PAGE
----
One aspect that I really enjoyed was the way that some of the kitchen equipment and food-related things were retained, or display items retained. I love, for example, that they kept the large stand-up mixer for making bread aboard. (They had the same aboard the Belfast, but it was interesting to learn that in RN practice the cruisers made the bread for their squadrons and sent it to their accompanying destroyers, while RCN destroyers made their own bread). In these spaces there were some more display items, for example the ship’s canteen seemed to be fully stocked with display items and luxuries for sailors.
Of course, no tour would be complete without access to operational spaces, such as the Bridge, radar rooms, communications rooms and so forth. My memory of Haida from three years ago was that the outside of the ship- and particularly the bridge was in really rough shape. Broken glass on compasses, and just generally wear and tear and dirty and not particularly appealing. This time, things seemed to be in better shape. While some explanation is provided in the leaflet with the tour directions, It would be nice if there were more descriptions and panels on the bridge itself. For example, if they labelled the voice pipes with where they led to, and if there was a rough diagram of who would stand where- both during normal watchkeeping hours and during combat.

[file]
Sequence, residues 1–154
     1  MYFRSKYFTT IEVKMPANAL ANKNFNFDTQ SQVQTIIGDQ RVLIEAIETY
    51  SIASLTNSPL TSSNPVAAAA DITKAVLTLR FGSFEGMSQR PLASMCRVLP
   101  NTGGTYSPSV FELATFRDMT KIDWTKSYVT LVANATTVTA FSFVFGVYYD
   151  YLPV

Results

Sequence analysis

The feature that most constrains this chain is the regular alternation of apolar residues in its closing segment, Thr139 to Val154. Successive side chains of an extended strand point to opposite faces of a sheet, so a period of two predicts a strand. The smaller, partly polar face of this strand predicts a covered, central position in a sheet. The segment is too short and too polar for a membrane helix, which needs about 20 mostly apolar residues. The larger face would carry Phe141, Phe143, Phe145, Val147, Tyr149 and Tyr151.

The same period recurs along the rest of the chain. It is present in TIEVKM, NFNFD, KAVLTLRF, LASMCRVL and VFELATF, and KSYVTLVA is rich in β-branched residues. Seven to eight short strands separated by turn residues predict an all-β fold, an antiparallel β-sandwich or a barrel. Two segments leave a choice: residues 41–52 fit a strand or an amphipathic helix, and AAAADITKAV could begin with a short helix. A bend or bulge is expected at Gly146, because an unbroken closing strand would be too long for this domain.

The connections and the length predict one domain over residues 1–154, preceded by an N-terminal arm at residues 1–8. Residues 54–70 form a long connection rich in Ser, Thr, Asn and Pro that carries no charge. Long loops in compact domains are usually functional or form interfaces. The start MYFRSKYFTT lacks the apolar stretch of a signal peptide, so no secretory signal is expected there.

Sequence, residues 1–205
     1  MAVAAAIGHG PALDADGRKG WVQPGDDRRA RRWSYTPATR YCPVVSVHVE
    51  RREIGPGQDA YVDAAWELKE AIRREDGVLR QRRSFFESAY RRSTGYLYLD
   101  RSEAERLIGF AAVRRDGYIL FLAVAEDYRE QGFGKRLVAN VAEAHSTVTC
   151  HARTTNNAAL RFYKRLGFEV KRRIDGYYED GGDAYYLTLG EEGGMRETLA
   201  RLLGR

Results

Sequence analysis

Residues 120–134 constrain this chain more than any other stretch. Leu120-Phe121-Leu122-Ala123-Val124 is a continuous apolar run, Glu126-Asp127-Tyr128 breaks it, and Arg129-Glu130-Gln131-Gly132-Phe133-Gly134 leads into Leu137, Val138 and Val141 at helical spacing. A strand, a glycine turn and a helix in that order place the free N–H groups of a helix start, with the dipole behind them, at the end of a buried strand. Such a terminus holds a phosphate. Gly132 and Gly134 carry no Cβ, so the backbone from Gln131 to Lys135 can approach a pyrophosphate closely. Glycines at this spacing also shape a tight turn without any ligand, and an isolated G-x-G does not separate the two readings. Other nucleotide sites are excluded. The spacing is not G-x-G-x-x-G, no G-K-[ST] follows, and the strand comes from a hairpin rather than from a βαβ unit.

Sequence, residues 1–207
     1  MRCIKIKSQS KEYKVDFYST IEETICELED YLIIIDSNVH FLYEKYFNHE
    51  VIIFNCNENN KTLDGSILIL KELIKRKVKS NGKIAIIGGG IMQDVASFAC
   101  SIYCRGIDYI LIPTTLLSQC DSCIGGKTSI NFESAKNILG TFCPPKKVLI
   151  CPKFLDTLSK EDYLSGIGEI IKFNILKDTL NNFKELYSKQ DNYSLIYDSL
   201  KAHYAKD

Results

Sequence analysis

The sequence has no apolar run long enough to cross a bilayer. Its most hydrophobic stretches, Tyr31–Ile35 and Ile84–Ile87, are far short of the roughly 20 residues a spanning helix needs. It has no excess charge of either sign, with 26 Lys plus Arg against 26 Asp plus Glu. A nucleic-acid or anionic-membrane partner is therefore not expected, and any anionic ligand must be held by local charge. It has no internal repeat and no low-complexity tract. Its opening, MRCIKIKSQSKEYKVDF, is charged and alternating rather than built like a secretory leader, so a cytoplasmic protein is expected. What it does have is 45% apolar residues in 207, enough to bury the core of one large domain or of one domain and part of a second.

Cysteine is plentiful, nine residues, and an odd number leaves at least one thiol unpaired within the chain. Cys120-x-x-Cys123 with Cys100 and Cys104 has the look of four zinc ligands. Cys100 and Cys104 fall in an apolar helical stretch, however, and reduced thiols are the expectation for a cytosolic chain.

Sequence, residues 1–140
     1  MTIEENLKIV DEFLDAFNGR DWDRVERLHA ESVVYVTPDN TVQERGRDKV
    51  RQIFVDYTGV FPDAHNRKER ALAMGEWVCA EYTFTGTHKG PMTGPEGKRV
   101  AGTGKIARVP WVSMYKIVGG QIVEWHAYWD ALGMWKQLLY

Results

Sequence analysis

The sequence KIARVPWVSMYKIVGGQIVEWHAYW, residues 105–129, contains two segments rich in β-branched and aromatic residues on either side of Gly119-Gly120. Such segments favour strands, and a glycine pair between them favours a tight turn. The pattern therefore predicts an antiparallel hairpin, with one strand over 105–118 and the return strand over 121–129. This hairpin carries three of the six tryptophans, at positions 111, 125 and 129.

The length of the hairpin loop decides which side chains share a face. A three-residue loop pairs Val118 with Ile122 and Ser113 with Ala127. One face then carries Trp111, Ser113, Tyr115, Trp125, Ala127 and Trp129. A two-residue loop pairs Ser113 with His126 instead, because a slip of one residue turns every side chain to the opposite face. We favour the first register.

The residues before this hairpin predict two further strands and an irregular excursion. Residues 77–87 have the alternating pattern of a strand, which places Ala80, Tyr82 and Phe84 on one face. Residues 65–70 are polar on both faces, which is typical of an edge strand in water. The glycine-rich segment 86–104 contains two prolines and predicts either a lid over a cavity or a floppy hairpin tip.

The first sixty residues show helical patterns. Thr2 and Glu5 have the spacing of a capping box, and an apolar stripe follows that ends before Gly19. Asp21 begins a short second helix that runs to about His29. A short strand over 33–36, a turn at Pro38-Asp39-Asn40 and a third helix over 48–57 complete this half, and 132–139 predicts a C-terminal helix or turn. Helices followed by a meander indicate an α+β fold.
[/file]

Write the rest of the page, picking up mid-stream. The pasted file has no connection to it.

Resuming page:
The one section of the ship that is largely inaccessible are the engineering spaces, which only has one smallish area open. Unfortunately, Haida is a much smaller vessel compared to Belfast or other larger museum ships, and the reality is that there just isn’t the space to put walkways for tourists to be able to pass through safely. Aboard the Haida, access to the engineering space is through a single ladder through a small hatch.
Overall, I was very impressed with my visit to the HMCS Haida historical site. As one of only a very few Canadian warships preserved as a museum ship, I’m very glad that she was purchased by Parks Canada and that she is so easily accessible (if you’re in Hamilton). While I believe that with some money, that the experience on a tour could be improved, I certainly wasn’t disappointed. Considering the price of entrance was only $4 CAD, this certainly should be a stopping point for anybody who is interested in maritime history, and is near Lake Ontario.